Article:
Can a complaint system be put in place that won’t be another tool for trolls?

  2. Jenora Feuer says

    Can a complaint system be put in place that won’t be another tool for trolls?

    And that, of course, is the big issue. There’s already been some discussion of it on PZ’s article ‘It must be troll slapping day‘, particularly on how easy it would be for this to go as badly wrong in some other direction if the trolls adopt the classic schoolyard bully tactics of microagressions until the justifiable anger threshold is reached, then reporting the victim.

  3. says

    Has he confirmed it was a memo from him? Not seen any verification that he actually said this … Even so, it is pretty much the case that they don’t seem to have a clue how to solve the harassment problem.

    Personally I’d make it so –
    * People don’t get suspended, they lose their @’ing privileges. So if they @ someone who is not following them it never appears in their timeline. Sort of a reversal of the going protected which people have to do to avoid harassers at the moment.
    * Make it harder to create sock accounts to harass, new accounts by default cannot send unsolicited @’s … So you need to build your presence. Unless you verify via mobile phone or other.
    * If they use ToR, don’t verify via email etc this applies even more and they are sensitive to suspension!

  4. dshetty says

    Technically it is a challenge – The volume ensures that any fix must be algorithmic or automated – And automated systems can be gamed once you understand how they work.
    But it’s good to see the CEO acknowledge it as a problem.

  5. Crimson Clupeidae says

    Couldn’t the system be semi-automated, like facebook? The users have the ability to easily block someone. There could be a minimum threshold, determined by…length the account has been around/active, and a combination of activity and followers, maybe? Also, the users should be able to set up their account so that they have to add people to their feed. I dunno, it would never be perfect, but it could certainly be improved on.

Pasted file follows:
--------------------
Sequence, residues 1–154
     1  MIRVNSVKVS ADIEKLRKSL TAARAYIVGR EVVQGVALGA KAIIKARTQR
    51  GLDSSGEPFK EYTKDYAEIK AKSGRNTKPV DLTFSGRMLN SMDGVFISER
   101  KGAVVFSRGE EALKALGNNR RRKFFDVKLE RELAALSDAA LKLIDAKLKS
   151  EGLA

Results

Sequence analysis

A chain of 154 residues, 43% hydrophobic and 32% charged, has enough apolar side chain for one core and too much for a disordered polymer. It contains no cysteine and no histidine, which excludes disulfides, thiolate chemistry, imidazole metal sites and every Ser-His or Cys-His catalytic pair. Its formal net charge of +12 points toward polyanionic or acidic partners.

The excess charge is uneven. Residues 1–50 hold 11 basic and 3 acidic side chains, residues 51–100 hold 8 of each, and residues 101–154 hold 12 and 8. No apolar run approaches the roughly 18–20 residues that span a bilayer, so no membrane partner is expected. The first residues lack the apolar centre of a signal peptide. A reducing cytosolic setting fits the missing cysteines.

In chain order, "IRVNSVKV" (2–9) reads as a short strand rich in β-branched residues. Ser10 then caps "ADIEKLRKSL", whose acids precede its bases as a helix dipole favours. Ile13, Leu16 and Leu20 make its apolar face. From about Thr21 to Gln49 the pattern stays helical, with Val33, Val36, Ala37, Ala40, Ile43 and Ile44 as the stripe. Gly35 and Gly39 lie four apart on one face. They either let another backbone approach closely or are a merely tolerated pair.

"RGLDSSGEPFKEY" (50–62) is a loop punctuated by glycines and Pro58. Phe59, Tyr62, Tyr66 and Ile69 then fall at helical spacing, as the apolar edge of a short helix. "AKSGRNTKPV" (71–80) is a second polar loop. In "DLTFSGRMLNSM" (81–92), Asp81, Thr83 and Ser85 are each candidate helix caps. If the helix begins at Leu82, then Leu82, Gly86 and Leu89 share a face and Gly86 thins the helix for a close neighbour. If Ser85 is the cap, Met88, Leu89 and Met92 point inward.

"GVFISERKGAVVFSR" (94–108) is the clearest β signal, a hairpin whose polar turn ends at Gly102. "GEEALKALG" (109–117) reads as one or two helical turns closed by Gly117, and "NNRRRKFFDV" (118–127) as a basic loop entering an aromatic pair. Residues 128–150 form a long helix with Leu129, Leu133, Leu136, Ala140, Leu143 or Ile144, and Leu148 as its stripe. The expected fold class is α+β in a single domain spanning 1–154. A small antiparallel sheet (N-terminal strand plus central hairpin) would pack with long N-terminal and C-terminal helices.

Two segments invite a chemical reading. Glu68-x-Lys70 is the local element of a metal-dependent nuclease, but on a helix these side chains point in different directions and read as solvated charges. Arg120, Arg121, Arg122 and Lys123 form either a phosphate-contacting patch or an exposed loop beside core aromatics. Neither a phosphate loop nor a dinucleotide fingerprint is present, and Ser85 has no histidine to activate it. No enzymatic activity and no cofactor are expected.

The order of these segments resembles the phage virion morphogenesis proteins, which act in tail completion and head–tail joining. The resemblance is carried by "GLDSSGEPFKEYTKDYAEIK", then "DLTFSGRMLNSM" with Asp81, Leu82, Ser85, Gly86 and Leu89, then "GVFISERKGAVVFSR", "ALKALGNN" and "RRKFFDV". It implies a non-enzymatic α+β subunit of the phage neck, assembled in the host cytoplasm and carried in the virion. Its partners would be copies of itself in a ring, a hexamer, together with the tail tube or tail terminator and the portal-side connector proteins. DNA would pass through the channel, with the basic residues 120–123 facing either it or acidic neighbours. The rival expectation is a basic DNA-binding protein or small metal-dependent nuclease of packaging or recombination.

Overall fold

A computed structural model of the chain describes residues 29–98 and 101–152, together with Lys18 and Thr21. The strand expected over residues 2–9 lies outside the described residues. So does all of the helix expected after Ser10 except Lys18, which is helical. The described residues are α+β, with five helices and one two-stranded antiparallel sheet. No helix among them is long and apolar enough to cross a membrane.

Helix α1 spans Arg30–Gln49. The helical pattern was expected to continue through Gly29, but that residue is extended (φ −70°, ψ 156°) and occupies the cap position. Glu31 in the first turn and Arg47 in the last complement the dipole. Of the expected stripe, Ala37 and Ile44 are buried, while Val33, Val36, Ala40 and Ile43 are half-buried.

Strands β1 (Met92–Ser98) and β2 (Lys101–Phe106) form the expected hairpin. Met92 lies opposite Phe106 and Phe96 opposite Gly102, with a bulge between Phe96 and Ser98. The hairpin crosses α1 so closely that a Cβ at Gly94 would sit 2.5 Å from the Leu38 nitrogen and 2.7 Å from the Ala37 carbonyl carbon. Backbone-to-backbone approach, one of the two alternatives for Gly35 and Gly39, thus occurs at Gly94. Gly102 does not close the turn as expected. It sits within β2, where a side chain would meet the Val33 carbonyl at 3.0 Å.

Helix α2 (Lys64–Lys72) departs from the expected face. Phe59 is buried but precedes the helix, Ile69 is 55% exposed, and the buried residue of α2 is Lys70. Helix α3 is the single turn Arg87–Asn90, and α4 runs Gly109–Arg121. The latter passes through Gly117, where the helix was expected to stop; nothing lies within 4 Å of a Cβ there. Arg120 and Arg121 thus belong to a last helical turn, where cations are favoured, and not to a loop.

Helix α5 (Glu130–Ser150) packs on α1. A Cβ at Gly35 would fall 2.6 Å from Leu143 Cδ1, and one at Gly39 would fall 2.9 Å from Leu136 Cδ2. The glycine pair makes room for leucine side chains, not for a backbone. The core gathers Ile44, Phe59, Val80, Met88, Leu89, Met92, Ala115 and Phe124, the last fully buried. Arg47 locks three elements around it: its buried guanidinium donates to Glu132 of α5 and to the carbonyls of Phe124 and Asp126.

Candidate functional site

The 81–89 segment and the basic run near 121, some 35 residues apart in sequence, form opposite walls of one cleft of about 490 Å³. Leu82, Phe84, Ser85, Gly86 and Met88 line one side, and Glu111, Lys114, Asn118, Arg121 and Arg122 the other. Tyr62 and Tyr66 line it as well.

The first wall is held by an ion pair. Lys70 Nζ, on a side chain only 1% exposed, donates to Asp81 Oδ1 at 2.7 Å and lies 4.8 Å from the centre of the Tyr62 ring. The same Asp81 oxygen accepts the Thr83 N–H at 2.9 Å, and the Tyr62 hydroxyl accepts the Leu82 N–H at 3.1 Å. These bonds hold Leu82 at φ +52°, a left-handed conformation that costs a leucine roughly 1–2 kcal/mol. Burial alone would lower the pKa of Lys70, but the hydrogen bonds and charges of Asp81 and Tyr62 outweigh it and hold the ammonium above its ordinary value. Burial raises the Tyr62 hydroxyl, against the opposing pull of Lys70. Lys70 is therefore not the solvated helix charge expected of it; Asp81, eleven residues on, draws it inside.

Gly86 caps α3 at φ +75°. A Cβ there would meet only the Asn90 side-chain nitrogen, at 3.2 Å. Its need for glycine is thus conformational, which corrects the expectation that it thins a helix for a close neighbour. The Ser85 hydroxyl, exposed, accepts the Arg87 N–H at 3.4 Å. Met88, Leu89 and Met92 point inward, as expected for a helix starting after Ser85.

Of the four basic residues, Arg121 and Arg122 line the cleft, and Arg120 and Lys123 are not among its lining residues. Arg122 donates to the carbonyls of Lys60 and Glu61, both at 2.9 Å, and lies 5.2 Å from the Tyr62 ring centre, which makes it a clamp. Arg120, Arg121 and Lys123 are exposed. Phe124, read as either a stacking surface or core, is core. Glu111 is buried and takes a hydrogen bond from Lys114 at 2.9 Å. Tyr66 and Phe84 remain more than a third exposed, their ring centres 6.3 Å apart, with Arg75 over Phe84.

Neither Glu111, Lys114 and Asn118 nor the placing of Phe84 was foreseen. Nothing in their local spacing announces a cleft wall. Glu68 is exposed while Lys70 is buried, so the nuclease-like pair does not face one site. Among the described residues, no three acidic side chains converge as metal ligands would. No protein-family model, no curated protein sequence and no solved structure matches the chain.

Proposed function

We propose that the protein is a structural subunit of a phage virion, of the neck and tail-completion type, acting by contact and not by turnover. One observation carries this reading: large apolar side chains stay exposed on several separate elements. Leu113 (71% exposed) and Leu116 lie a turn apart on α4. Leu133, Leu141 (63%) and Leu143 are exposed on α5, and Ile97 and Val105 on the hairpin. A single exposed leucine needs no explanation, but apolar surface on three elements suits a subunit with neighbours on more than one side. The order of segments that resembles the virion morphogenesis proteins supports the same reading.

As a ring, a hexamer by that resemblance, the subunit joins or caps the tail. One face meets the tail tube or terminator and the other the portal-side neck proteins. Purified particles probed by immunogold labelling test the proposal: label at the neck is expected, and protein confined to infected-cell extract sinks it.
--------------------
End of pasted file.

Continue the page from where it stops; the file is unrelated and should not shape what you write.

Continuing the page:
6. says

    I hate to sound cynical (I lie: the schadenfreude is sparking from my fingertips as I type), but he isn’t doing this because he’s just become aware of the issue, or suddenly had an attack of empathy, or because the problem is starting to get media attention. He’s doing this because the growth of Twitter’s user base has slowed.

    In _In the Beginning was the Command Line_, Neal Stephenson wrote

    Now, there might be one or two people at Microsoft who are dense enough to believe that mindshare dominance is some kind of stable and enduring position. […] But most of them must have the wit to understand that phenomena like these are maddeningly unstable, and that there’s no telling what weird, seemingly inconsequential event might cause the system to shift into a radically different configuration.

    First growth slows, then it peaks, then it starts to shrink, and suddenly Costolo is staring into the abyss. If enough users get fed up with the abuse (or something else, or, really, anything else), Twitter could vanish in a puff of indifference.

    Like that space company. You remember, somebody’s space, uh, his space, our space….Myspace, yeah, that was it. Remember Myspace? They were big once, too.